If there’s one thing every conservative Republican knows, it’s that Brent Kavanaugh is a devoted husband, loving father, and brilliant jurist who’s always treated women with respect and who is now the innocent victim of a smear campaign orchestrated by the left and its amen chorus in the liberal media.

And if there’s one thing that every progressive Democrat knows, it’s that Brent Kavanaugh is a liar and a fraud whose jurisprudence and personal behavior toward women going all the way back to high school consistently displays a flagrantly misogynist contempt for female autonomy and dignity.

Of course, neither side truly knows any such thing. Each side believes it on the basis of partial evidence and reasoning that’s highly motivated by prior ideological commitments.

That doesn’t mean it’s impossible to reach a fair-minded judgment about the charges and counter-charges swirling around the Supreme Court nominee. But it does mean that fair-minded observers of the circus should be staking out their positions with far more humility and tentativeness than they are. That is, of course, if they care more about reaching the truth than contributing to the advancement of a scorched-earth partisan crusade.

Knowledge is a tricky thing. I know the sky is blue because I’ve seen it with my own eyes thousands of times. But how do I know that the Earth revolves around the sun rather than the other way around? I have no experience of this. On the contrary, my senses tell me otherwise. I see the sun rise, move across the sky, and set every day, while the ground under my feet feels perfectly stationary. Yet I will readily say that I know the Earth revolves around the sun.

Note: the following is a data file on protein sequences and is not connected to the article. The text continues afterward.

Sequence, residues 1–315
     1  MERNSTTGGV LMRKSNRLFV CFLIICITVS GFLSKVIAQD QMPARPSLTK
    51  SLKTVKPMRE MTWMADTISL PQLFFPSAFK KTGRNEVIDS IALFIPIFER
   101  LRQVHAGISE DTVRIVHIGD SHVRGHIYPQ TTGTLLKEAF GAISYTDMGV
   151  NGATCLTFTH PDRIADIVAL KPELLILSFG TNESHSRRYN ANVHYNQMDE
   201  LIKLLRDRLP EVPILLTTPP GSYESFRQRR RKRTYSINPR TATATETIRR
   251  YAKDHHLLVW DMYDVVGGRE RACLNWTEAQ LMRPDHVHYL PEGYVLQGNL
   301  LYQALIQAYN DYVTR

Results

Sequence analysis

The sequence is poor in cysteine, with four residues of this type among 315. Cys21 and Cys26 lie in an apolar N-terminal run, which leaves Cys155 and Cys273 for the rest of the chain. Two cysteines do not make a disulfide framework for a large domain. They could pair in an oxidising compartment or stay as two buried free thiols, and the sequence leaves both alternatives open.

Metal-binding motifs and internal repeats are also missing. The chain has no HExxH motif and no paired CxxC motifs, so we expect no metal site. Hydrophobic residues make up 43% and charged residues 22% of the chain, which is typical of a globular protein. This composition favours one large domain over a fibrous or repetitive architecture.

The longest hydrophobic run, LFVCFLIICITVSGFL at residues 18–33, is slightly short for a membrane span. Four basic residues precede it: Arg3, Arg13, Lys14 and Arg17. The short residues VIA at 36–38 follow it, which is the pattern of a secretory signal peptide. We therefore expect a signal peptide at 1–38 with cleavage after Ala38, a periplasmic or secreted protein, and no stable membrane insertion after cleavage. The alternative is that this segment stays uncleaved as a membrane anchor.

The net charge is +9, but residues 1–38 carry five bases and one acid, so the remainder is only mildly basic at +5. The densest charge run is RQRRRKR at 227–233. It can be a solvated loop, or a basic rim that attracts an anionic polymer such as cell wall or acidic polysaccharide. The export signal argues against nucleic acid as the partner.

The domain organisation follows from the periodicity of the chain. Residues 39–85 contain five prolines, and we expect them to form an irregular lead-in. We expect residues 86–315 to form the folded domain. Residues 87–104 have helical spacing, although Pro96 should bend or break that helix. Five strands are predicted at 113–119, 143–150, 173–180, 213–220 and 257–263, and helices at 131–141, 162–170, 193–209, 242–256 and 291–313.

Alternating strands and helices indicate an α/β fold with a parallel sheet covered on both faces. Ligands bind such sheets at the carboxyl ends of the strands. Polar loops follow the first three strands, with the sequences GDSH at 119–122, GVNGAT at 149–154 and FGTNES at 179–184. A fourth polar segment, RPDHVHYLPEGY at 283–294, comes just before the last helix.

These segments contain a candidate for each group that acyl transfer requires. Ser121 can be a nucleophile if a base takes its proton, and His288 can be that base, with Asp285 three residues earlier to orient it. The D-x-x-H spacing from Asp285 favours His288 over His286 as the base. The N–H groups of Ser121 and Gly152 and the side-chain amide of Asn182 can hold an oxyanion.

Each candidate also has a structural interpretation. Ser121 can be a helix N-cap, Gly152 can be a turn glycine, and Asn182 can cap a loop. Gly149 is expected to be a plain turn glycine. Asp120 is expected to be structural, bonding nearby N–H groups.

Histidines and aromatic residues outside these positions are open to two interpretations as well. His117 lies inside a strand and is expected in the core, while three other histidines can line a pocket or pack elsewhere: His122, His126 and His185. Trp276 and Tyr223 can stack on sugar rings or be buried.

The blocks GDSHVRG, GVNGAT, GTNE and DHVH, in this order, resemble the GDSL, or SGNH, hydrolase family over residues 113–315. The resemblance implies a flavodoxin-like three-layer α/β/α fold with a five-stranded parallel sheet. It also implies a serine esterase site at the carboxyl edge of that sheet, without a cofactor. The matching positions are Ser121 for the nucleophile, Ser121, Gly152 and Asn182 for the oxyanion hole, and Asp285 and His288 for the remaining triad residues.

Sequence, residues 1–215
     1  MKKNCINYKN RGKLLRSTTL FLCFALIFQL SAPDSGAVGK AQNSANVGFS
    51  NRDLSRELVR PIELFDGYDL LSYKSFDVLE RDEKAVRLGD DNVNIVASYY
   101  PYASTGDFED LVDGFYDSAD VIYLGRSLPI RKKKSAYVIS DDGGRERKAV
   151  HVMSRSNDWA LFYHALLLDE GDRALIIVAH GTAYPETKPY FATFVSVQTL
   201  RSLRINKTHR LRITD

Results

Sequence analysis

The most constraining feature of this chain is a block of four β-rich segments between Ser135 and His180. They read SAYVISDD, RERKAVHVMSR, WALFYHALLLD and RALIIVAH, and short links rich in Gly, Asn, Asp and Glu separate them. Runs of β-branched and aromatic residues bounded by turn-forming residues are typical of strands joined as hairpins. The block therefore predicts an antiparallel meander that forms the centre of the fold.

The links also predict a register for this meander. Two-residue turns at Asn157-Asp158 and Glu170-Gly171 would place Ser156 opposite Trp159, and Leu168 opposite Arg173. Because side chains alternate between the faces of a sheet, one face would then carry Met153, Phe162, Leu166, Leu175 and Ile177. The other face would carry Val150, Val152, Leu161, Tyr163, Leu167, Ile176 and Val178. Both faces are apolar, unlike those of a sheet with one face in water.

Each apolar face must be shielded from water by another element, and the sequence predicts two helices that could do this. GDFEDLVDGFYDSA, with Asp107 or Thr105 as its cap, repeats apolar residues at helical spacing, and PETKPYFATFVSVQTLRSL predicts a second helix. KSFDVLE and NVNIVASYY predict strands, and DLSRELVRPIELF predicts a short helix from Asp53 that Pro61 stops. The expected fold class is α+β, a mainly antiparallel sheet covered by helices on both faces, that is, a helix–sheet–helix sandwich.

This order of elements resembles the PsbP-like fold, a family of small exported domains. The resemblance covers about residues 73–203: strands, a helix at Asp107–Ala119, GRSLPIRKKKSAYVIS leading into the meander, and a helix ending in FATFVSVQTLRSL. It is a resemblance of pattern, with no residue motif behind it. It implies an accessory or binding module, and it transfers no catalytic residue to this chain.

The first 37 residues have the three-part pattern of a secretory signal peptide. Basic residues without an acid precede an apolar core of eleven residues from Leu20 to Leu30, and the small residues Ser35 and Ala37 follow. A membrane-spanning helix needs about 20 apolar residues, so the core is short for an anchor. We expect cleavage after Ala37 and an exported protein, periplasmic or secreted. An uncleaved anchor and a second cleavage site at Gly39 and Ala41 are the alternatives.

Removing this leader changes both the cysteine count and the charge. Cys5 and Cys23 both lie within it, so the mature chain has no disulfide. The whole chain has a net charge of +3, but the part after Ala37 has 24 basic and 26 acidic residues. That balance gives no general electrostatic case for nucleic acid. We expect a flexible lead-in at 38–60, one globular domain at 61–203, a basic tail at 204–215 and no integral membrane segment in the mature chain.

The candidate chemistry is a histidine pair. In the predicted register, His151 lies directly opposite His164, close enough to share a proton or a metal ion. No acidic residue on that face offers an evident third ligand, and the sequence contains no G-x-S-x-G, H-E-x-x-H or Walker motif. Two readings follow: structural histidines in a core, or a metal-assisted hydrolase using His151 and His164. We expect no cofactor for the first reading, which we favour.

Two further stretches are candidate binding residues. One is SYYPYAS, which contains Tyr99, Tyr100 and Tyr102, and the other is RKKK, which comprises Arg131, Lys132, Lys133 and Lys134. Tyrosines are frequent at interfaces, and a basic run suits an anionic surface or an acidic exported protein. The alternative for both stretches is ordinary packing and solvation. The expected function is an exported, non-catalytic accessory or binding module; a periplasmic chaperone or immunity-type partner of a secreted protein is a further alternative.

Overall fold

It is more accurate to say that I believe the Earth revolves around the sun because I trust the scientists who tell me that when it comes to the truth about the natural world, my senses are unreliable. Of course it’s also possible that I can learn how to make the precise observations and do the mathematical calculations that will verify the belief for myself, allowing me to understand how scientists originally came to this conclusion. In that case, it would be possible to say with accuracy that I know the Earth revolves around the sun.

But in plenty of other matters, such verification isn’t possible. It’s unlikely I can or will personally replicate the work of evolutionary biologists sufficient to demonstrate that Darwin was right about the process of natural selection or that climate scientists are right about the anthropogenic causes of climate change. It’s not likely at all that I would be able to verify for myself that the universe began with the Big Bang or that it’s impossible to travel faster than the speed of light, let alone the far more fanciful nuances of quantum mechanics or string theory. I don’t possess knowledge of these subjects. I believe certain things about them because I trust the people who do possess knowledge of these subjects.

Now let’s think about what may have …read more

Source:: The Week – Politics


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The delusion of certainty in the Kavanaugh debate

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